What is a tax credit?

A tax credit reduces an individual’s tax payable. Rather than specifying the amount of each credit, in Canadian tax system, most credit is calculated by multiplying the base amount by the lowest tax rate. For example, the basic personal credit for 2011 is $1,579.05. It is calculated by taking 15% of $10,527.

Most tax credits are indexed to inflation

In order to avoid having the credits decline in value in terms of real dollars, most of the tax credits are fully indexed to the annual inflation rate, as determined by the applicable consumer price index (CPI) rates.

Tax credits may have to be prorated for part-year residents

Tax credits may have to be prorated for individuals who become Canadian residents or cease to be Canadian residents, since they are subject to Canadian taxation for only a part of the year.

Provincial tax credits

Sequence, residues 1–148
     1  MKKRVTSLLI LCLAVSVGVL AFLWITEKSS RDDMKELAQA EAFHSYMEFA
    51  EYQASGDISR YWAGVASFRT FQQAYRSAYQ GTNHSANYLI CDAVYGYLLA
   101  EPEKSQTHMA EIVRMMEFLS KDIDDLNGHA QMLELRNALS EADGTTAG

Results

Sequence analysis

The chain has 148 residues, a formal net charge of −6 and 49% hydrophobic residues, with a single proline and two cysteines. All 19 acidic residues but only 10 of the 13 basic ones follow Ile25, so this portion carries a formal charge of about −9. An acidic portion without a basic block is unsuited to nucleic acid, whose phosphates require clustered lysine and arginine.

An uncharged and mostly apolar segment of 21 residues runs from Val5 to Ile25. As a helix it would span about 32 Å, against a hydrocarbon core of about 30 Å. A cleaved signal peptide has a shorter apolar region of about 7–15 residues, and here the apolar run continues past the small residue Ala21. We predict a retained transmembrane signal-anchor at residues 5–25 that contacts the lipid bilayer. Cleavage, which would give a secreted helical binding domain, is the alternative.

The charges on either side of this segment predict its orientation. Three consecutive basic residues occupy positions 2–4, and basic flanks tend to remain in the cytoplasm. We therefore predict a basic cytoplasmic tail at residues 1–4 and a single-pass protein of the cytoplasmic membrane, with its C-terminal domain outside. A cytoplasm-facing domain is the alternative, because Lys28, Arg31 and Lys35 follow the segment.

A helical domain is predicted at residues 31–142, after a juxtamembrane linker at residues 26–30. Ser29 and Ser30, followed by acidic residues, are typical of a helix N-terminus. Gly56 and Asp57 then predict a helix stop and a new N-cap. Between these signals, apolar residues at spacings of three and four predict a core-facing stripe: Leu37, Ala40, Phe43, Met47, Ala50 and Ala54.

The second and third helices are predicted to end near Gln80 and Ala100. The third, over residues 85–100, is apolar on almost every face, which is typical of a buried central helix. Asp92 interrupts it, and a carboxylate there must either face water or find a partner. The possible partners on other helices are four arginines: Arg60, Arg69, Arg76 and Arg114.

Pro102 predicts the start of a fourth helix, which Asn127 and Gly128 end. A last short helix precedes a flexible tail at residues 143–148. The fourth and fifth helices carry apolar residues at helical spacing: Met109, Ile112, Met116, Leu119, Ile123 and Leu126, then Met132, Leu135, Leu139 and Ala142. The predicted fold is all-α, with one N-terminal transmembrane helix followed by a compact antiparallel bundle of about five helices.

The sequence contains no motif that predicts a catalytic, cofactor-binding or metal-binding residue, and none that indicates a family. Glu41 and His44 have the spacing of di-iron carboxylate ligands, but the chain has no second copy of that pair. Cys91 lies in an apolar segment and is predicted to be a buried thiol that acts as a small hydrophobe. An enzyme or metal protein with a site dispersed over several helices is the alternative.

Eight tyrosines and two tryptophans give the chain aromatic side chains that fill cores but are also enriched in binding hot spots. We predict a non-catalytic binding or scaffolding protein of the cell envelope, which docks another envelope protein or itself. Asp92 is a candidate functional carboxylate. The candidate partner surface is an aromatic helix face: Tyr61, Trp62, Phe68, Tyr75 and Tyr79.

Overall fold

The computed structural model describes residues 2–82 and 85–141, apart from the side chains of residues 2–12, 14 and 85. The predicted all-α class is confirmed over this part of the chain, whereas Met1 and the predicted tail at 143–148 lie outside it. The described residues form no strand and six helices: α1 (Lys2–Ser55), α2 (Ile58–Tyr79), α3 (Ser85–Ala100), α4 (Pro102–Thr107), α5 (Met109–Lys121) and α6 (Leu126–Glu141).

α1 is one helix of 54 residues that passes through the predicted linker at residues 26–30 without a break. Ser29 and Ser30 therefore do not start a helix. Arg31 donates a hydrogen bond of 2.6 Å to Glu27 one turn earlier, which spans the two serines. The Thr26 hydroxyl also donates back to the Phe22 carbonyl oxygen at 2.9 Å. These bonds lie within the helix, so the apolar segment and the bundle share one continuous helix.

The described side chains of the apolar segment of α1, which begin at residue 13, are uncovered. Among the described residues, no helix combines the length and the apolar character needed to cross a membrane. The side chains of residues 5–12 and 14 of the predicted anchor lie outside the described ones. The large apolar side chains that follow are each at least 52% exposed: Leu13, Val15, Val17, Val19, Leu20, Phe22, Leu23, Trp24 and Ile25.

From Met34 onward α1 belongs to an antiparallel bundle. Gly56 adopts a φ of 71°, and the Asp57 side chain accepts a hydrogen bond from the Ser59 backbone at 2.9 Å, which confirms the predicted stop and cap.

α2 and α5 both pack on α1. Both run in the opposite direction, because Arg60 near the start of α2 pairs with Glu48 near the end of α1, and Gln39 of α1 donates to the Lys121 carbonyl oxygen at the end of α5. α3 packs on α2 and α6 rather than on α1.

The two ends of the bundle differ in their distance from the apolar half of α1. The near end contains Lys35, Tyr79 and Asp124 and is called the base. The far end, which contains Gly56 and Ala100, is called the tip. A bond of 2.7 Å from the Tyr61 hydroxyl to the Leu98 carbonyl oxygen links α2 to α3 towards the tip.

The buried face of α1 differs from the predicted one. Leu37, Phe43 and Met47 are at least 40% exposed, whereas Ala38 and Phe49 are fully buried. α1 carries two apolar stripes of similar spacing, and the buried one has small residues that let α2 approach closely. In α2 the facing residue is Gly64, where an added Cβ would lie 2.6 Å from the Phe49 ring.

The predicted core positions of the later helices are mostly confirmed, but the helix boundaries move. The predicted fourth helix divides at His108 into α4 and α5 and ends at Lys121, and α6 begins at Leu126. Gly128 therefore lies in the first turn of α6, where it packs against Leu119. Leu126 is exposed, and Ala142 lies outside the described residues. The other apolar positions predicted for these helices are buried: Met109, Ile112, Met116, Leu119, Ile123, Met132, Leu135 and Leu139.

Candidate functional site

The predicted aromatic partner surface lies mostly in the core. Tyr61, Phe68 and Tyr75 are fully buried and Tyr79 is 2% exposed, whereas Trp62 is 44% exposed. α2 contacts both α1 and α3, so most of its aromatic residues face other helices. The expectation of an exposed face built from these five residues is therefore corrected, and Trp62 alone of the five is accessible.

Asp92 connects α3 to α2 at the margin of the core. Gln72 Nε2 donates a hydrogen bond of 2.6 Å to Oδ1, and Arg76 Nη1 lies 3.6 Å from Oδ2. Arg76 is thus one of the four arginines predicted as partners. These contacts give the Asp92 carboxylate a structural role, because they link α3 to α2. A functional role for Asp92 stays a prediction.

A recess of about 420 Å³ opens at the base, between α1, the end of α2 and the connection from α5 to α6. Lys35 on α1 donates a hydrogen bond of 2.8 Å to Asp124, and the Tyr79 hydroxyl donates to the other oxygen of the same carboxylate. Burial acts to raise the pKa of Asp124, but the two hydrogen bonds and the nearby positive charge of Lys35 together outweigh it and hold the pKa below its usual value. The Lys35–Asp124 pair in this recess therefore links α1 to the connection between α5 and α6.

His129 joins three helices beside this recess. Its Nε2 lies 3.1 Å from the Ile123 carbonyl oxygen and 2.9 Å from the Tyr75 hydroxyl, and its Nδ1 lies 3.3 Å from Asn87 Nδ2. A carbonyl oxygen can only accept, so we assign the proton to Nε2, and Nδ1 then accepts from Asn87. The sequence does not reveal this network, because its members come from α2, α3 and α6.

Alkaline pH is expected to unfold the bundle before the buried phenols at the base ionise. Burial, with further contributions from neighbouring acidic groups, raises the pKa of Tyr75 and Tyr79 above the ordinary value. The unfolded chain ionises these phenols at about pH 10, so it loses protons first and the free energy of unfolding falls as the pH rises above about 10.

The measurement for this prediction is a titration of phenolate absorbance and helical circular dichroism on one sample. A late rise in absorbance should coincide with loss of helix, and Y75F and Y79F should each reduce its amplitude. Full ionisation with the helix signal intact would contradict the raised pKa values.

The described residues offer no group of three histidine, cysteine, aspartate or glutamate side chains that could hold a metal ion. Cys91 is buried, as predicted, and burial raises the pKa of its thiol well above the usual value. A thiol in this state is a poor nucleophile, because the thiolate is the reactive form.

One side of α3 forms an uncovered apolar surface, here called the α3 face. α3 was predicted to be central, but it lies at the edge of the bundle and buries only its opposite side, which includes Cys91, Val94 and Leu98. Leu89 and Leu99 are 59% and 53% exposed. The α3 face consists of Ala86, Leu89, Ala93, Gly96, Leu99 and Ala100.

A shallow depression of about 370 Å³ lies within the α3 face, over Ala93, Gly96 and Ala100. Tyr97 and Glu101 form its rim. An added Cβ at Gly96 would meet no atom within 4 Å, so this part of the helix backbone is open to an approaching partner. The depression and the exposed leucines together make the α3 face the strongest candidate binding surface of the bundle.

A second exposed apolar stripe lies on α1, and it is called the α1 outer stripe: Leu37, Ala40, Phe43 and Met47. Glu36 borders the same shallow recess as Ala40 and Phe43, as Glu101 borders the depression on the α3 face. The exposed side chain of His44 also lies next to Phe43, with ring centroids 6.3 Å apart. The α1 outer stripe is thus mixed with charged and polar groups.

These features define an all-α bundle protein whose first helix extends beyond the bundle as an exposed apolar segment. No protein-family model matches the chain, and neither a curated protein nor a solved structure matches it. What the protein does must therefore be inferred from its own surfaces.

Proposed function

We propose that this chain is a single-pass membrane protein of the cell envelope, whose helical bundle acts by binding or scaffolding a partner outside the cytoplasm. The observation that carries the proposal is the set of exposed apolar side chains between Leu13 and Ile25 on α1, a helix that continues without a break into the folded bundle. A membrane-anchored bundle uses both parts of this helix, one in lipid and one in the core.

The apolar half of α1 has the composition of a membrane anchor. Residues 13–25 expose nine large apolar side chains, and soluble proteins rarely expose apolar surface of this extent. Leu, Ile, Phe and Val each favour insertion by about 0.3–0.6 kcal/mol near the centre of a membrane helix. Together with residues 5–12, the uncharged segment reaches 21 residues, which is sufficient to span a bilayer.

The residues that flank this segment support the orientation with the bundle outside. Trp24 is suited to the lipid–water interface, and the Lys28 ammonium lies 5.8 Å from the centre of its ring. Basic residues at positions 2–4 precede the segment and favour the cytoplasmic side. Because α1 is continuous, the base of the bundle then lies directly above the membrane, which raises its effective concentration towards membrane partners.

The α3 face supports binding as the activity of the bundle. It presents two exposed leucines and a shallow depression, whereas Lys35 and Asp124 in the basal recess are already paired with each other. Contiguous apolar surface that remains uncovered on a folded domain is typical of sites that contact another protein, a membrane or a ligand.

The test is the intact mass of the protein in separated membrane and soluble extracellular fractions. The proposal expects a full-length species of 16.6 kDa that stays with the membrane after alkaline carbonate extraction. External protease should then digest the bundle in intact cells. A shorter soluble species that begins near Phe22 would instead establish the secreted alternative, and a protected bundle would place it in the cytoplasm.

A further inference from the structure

In addition, each of provinces and territories has its own independent tax structure, with rates that apply to these credits and help further reduce the overall tax payable.

Non-refundable and refundable tax credits

Most of the credits are non-refundable. They can only reduce the tax payable to zero. If the individual does not have sufficient tax payable to use the credit, it is of no benefit to the taxpayer.

There a few refundable tax credits that can result in a net payment from the government for the unused amount in case the taxpayer doesn't have sufficient tax payable to use the credit.

See a list of Non-refundable tax credits and refundable credits with explanation

Additional information